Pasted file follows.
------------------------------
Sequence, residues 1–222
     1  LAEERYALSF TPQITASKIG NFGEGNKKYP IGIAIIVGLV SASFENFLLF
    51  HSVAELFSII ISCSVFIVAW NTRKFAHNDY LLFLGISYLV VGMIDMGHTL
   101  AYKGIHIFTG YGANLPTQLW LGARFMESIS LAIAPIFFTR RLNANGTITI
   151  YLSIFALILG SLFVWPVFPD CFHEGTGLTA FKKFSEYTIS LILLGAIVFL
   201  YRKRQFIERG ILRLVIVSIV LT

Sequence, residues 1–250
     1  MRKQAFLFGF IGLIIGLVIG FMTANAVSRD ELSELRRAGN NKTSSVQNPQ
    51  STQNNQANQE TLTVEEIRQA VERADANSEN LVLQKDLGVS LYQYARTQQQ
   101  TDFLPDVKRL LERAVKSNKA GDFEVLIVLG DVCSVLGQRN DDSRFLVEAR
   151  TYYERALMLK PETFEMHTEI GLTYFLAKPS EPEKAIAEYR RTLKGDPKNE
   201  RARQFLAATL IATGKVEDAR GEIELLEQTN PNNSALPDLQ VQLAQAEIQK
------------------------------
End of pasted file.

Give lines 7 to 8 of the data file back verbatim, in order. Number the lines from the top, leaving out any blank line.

Sequence, residues 1–250
     1  MRKQAFLFGF IGLIIGLVIG FMTANAVSRD ELSELRRAGN NKTSSVQNPQ